Saturday, 14 September 2013

STAR TREK LEGEND GEORGE TAKEI ON SOCHI, HOLLYWOOD CLOSET AND WILLIAM SHATNER


George Takei starred as Captain Sulu in the original Star Trek TV series and six movies
Bugs' new interview with George Takei was first published in XTRA. This is the longer version of that interview.

Star Trek legend George Takei has been the ultimate outsider for much of his life. Interned in American “War Relocation Camps” during World War II, Takei later dealt with racism and the Hollywood closet during his Tinseltown years.

Takei is currently advocating for the 2014 Sochi Winter Olympics to be relocated to a country that respects gay civil rights.

George Takei
“I remember the terrible morning when [I was five-years-old in 1942] my parents got my younger brother and baby sister up early, and I saw two soldiers with bayonets on their rifles flashing in the sun, stomp up the porch and knock on the front door,” Takei, now 76, remembers. “They ordered us out of our home. My mother was the last to come out and she was carrying the baby in her right arm and held a huge duffle bag in  her left hand and tears were rolling down her cheeks. I remember that vividly.”

Takei's personal experiences in WWII internment camps would later inspire the 2012 play Allegiance in which Takei also starred.

“I remember the barbwire fences, but I also remember chasing butterflies,” Takei says. “A child is amazingly adaptable. It wasn’t until I became a teenager after the war, talking with my father, that I learnt how degrading and humiliating it really was for my parents.”

By the time Takei got to Hollywood in the 1950s, he was relegated to playing stereotypes. But Takei told his father, “I’m going to change that.” 

Saturday, 7 September 2013

XAVIER DOLAN KICKS ASS - AND KISSES IT - AT VENICE FILM FESTIVAL

(Xavier Dolan. Courtesy of Ixion Communications.)

Glory be! Proud Montrealer and 24-year-old film wunderkind Xavier Dolan finds himself once again rubbing elbows with filmmaking royalty at the Venice Film Festival where this week Dolan’s latest film Tom a la ferme was awarded the critics’ prize by the Federation internationale de la presse cinematographique.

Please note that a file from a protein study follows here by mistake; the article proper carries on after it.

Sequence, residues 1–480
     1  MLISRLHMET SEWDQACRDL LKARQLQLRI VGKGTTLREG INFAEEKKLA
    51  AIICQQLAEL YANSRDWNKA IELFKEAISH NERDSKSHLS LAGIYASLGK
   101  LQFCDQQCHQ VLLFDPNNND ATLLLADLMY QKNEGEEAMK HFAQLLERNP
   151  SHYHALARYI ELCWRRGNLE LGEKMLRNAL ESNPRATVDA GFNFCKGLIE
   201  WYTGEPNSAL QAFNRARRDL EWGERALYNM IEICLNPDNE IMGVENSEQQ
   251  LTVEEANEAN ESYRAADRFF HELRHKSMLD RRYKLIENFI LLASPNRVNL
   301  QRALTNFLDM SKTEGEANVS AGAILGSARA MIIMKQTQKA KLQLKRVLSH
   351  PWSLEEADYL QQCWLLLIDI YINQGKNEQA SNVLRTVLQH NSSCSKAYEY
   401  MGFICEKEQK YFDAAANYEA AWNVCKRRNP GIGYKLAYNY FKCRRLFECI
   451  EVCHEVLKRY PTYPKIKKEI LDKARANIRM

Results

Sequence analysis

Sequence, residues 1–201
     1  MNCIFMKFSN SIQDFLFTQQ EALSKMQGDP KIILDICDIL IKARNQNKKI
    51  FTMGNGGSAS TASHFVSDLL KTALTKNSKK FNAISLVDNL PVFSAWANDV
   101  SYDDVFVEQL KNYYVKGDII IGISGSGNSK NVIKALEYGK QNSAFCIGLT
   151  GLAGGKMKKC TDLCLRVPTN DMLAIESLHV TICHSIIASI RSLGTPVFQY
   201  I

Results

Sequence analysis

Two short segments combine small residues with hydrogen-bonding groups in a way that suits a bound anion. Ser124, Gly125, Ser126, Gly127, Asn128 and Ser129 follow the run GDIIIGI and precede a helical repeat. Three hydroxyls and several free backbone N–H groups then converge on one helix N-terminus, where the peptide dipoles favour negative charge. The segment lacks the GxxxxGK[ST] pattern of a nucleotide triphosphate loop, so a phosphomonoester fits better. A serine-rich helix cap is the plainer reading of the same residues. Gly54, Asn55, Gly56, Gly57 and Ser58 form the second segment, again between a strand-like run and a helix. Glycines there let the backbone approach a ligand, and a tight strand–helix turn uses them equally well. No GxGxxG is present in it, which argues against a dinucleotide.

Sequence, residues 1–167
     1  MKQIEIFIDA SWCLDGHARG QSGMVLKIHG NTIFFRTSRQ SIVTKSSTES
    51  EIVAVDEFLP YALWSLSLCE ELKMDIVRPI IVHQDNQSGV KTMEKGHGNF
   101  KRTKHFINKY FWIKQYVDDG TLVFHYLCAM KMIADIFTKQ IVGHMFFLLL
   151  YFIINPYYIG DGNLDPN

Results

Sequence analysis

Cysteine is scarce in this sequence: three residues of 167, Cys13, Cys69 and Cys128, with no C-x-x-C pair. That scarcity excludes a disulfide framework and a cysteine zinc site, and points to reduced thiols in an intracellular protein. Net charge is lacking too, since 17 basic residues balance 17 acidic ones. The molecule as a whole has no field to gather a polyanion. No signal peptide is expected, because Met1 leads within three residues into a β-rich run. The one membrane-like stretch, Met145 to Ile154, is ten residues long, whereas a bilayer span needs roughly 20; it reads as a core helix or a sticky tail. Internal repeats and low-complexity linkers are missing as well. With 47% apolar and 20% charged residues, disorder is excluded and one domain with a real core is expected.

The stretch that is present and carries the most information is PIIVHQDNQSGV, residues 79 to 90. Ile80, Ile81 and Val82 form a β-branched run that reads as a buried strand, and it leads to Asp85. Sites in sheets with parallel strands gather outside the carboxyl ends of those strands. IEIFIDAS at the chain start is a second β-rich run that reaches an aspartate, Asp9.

A couple of years ago, at the Cannes Film Festival, Dolan was already a star and drank it all in.

"I was at Cannes for 10 days, did 160 interviews, drank too much alcohol and smoked too many cigarettes!" Xavier told me, laughing lightly. "[Then] I had this Cannes glamour moment where at some mini-shindig I walked into some bar with Benicio Del Toro and this French actress, and suddenly my life changed. These people were [no longer up] on the screen. They’re chatting with you and you’re talking to them about cinema and your life and their life and you’re laughing [together]!"

Wednesday, 4 September 2013

ROBERT PATTINSON REVEALS HE "PLEASURED" HIMSELF FOR REAL ON-CAMERA FOR GAY FILM




Robert Pattinson, shown here in the 2008 Spanish film Little Ashes

(Photo still courtesy Kaleidoscope Entertainment)

Before matinee idol Robert Pattinson won international fame as a vampire in Hollywood's Twilight franchise, he portrayed artist Salvador Dalí having a love affair with poet Federico García Lorca in the 2008 Spanish film Little Ashes.

Now, in a new interview in the September issue of Germany Interview magazine, Pattison admits he masturbated on the set during a sex scene.

“My orgasm face is recorded for eternity,” Pattison said, pointing out that faking it “just doesn’t work, so I pleasured myself in front of the camera.”

In other words, Pattison whacked off on film. This is what they call “method acting.”

Watch it here in GIF form:

Sunday, 1 September 2013

MORE! MORE! MORE! AUTHOR JAMES ARENA PAYS TRIBUTE TO FIRST LADIES OF DISCO


Bugs' interview with James Arena originally ran in Daily Xtra on Aug 31

Gay audiences had torrid love affairs with disco divas well before the mainstream even heard the first strains of Donna Summer’s crossover smash hit “Love to Love You Baby,” which peaked at number two on the US Billboard Hot 100 in 1975.

But according to James Arena, author of the just-published book First Ladies of Disco, the genre’s gay core fan base is very much a North American phenomenon, closely tied to that era’s gay liberation movement.

James Arena (Photo via Facebook)
“The women I interviewed in my book told me that gay audiences don’t dominate their shows in Europe,” says Arena. “Their audience base in Europe is broader and more diverse than it is here in North America.”

Which is also why – with the arrival of HIV – the homophobic “disco sucks” backlash destroyed many careers on this side of the pond. Disco, mainstream America made very clear, is cocksucker music.

But in First Ladies of Disco, all 32 singers that Arena interviewed – including Martha Wash, Anita Ward, Gloria Gaynor, Carol Douglas and Evelyn “Champagne” King – embrace their gay fans.